Typically, a tank with a nominal gross volume of 18 000 gal (68 140 L) or less holds less than 10 000 lb (4536 kg) of hydrogen and is excluded from PSM and RMP regulations. Appendix C of this publication lists regulatory sections and a breakdown of responsibility between the hydrogen supplier and the hydrogen customer.

This publication provides generic information necessary to support the hazard assessment and the process hazard analysis (PHA) portion of the prevention program. Specifically, it includes a typical system flow diagram (TSFD), a typical system HAZOP, and offsite consequence analysis (OCA) information for a bulk liquid hydrogen system. Tables and charts for assessments of appropriate worst-case and alternative-case release scenarios are also included. In addition, information is provided to assist in the development and submission of a typical risk management plan.

Under RMP, the consequences of a worst-case scenario and an alternate-release scenario for each covered process shall be modeled. Off-site impact on public or environmental receptors or both shall be determined. No such modeling is required under PSM.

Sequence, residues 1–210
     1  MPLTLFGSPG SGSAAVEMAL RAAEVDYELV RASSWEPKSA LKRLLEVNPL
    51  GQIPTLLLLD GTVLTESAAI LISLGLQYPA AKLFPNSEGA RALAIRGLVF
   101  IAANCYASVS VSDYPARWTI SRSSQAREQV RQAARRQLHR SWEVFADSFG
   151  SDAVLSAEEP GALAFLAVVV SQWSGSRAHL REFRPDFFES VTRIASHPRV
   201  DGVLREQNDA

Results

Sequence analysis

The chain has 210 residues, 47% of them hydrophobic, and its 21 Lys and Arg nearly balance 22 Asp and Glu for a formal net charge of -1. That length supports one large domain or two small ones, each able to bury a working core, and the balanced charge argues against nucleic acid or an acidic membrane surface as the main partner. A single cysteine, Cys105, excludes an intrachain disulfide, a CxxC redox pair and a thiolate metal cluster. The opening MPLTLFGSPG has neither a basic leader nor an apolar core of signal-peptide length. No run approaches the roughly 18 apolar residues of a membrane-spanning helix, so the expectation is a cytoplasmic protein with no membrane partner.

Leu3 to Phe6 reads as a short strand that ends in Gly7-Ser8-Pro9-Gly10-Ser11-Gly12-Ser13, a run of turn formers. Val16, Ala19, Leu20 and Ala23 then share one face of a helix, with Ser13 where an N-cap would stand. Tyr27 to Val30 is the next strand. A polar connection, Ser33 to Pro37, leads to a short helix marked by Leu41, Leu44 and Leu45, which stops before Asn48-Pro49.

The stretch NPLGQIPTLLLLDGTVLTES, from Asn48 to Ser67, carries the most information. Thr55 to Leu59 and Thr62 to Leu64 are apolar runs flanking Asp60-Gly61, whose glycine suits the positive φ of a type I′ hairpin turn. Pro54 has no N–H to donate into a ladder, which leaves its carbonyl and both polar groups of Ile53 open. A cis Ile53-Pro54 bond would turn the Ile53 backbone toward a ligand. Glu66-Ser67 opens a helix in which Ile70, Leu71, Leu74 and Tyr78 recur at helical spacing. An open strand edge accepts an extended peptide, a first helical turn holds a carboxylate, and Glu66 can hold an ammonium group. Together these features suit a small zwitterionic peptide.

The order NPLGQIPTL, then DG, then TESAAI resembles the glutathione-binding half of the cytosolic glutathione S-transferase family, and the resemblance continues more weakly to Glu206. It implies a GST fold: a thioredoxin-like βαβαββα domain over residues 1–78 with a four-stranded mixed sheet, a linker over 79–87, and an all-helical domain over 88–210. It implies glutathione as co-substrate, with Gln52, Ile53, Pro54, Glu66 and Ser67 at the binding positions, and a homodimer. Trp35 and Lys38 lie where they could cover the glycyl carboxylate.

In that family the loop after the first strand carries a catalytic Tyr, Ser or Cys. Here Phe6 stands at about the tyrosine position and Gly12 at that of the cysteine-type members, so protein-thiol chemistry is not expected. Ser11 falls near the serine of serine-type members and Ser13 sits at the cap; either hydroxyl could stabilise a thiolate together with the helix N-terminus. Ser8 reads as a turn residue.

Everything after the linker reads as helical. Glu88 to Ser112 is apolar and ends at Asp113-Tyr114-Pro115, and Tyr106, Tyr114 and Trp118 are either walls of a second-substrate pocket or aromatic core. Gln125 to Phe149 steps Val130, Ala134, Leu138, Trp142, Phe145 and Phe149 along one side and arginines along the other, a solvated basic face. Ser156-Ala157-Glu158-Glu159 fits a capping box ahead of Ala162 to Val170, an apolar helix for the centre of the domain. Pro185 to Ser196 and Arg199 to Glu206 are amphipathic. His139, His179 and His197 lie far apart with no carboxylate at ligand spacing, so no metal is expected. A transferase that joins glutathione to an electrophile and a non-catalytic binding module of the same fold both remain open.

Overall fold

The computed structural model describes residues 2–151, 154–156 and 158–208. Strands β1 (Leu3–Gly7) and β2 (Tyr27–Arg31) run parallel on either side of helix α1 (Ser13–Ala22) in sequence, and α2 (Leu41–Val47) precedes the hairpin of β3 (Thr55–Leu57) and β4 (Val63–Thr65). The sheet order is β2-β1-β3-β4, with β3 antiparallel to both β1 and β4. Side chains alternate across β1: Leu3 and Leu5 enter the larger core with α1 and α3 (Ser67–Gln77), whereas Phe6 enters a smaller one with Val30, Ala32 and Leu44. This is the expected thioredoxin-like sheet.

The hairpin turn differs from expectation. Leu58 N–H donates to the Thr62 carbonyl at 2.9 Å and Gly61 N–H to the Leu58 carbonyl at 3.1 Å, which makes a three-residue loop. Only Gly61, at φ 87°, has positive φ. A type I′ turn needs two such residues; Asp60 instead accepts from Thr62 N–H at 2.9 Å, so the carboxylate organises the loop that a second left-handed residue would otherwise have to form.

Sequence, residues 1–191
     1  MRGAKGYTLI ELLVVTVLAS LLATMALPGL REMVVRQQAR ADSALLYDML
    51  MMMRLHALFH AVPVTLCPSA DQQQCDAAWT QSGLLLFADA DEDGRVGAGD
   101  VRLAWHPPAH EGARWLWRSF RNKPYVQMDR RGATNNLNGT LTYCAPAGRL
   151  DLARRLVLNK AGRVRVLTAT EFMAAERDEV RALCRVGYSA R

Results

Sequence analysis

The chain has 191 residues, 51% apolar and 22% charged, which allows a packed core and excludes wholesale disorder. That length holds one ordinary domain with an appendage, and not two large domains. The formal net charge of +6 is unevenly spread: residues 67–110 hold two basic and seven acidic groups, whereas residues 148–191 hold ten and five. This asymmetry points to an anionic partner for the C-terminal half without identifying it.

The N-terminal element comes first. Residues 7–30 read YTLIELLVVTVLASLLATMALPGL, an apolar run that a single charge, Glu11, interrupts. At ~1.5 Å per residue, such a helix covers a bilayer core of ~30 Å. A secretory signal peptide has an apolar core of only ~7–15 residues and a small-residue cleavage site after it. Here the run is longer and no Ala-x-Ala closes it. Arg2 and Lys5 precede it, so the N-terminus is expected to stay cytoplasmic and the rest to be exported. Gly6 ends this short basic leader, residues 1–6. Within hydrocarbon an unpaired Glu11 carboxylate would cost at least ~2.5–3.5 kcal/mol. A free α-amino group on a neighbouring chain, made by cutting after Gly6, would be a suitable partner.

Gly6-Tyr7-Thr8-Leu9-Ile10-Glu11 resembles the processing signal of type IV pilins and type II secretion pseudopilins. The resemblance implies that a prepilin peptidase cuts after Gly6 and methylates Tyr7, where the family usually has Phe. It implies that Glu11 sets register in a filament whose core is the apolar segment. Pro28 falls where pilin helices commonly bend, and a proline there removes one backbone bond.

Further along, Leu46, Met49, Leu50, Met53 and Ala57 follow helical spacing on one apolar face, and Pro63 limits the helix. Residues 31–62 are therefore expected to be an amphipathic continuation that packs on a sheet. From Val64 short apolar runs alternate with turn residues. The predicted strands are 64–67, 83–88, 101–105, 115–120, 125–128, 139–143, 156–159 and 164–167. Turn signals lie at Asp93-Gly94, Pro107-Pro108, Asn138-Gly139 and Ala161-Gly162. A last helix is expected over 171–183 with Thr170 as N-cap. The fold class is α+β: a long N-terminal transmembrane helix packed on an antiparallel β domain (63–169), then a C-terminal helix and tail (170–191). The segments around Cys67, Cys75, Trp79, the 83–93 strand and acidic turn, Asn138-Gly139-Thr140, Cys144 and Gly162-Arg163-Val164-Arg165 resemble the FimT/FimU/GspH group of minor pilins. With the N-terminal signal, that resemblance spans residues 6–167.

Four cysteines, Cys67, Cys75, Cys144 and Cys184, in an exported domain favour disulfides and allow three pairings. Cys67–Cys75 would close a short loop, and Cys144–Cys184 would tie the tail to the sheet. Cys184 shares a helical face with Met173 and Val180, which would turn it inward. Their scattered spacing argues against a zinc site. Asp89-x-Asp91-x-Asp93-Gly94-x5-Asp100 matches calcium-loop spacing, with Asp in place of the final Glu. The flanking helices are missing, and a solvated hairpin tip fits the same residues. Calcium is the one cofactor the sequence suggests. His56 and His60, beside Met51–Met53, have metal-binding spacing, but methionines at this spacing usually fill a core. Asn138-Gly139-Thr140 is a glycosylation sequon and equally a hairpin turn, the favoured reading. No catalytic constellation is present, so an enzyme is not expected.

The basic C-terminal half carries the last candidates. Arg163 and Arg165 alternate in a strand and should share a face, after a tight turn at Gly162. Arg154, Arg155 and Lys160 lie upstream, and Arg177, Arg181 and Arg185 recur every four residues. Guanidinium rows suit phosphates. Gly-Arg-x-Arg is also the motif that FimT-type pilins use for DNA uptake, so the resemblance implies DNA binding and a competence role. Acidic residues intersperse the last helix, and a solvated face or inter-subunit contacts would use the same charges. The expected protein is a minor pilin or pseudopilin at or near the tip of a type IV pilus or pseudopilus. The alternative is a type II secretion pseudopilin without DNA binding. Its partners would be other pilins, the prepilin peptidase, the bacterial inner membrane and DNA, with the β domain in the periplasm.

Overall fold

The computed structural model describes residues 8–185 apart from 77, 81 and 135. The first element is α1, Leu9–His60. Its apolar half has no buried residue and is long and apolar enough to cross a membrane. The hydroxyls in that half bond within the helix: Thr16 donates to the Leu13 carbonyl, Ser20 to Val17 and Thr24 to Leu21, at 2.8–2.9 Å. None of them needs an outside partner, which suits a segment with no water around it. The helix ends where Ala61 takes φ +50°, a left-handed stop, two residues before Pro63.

Under RMP, a risk management plan that includes information about a facility's hazard assessment, prevention program, and emergency response program shall be submitted to EPA. This plan is available for public review. Under PSM, no submittals to OSHA are required, and PSM information does not enter the public record. Facilities covered by the RMP rule shall also:

• Compile and report a history of accidental releases for the 5 years before the submission of the RMP plan as provided in 40 CFR 68.42 [2];

• Develop a management system to oversee the implementation of all elements of the RMP for program 2 or program 3 regulated processes as provided in 40 CFR 68.15 [2];

• Determine one of three program levels to assign the covered process as provided in 40 CFR 68.10 and comply with the applicable program level general requirements as provided in 40 CFR 68.12. Details for program 2 are provided in 40 CFR 68.48 through 68.60, and program 3 details are provided in 40 CFR 68.65 through 68.87 [2];